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  • Your tax residency

    If you are coming to Australia or going overseas, you may need to work out your residency for tax purposes. You can use the residency tests to work out if you're:

    We don't use the same rules as the Department of Home Affairs. This means you:

    • can be an Australian resident for tax purposes without being an Australian citizen or permanent resident
    • may have a visa to enter Australia but are not an Australian resident for tax purposes.

    For a summary of key information about residency status, download Residency for tax purposes (PDF, 1.03MB)This link will download a file. This information is also available in Arabic, Chinese, Japanese, Korean and Vietnamese, go to Other languages.

    On this page:

    Residency tests

    There are statutory tests to determine your residency:

    You can also use our Work out your residency status for tax purposes tool to help work out your residency.

    Resides test

    The primary test of tax residency is called the resides test. If you reside in Australia, you are considered an Australian resident for tax purposes and you don't need to apply any of the other residency tests.

    Some of the factors that can be used to determine residency status include:

    • physical presence
    • intention and purpose
    • family
    • business or employment ties
    • maintenance and location of assets
    • social and living arrangements.

    If you don't satisfy the resides test, you'll still be considered an Australian resident if you satisfy one of three statutory tests.

    Domicile test

    You're an Australian resident if your domicile (the place that is your permanent home) is in Australia, unless we are satisfied that your permanent place of abode is outside Australia.

    A domicile is a place that is considered to be your permanent home by law. For example, it may be a domicile by origin (where you were born) or by choice (where you have changed your home with the intent of making it permanent).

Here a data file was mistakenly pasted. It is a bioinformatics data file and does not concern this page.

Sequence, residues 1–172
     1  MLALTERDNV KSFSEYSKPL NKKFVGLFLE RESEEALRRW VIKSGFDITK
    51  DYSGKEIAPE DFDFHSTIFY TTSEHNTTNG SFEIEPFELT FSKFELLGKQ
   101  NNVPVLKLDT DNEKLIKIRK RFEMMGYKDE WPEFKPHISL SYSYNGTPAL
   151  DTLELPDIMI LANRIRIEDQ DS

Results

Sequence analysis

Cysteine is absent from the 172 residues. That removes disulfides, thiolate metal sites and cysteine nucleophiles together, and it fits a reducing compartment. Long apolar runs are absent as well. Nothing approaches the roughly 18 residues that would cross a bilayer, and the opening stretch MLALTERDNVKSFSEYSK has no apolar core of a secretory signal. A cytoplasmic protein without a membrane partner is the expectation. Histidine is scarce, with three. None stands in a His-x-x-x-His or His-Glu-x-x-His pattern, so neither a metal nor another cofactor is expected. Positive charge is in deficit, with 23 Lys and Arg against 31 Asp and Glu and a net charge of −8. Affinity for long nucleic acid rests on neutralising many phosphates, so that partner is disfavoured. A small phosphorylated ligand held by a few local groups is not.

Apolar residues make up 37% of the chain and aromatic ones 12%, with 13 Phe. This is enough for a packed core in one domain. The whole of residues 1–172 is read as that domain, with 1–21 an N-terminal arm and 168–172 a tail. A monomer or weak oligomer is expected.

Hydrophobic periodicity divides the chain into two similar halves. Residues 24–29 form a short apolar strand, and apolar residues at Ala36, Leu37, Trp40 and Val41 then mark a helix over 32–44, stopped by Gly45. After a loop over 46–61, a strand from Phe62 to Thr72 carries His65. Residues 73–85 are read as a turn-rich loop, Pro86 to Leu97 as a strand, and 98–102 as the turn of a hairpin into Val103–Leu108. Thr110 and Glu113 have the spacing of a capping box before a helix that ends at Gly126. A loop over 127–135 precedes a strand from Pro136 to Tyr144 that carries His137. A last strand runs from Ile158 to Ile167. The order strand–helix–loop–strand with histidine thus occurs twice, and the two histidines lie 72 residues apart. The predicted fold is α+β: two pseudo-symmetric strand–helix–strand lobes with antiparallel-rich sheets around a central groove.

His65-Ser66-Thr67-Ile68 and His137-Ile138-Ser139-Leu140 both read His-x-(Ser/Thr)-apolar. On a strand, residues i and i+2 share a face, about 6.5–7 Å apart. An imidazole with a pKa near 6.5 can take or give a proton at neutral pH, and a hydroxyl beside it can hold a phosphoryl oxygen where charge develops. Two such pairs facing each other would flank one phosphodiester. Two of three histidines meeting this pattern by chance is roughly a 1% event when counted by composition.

Find out about:

    183-day test

    This test only applies to individuals arriving in Australia. You will be a resident under this test if you're actually present in Australia for more than half the income year, whether continuously or with breaks.

    Find out about:

    The Commonwealth superannuation test

    This test applies to Australian Government employees working at Australian posts overseas and who are members of the CSS or PSS schemes. It does not apply to members of the PSSAP scheme. If this is the case, you (and your spouse and children under 16) are considered to be a resident of Australia regardless of any other factors.

    Find out about:

    Example: Australian resident under the domicile test

    Emily leaves Australia to work in Japan as a teacher of English. Emily has a one-year contract after which she plans to tour China and other parts of Asia before returning to Australia to continue work here.

    Emily lives with a family in Japan during her time there and rents out her property in Australia. Emily is single. Her parents live interstate and her brother has moved to France. Emily is an Australian resident for tax purposes even though she is residing in Japan because, under the domicile test: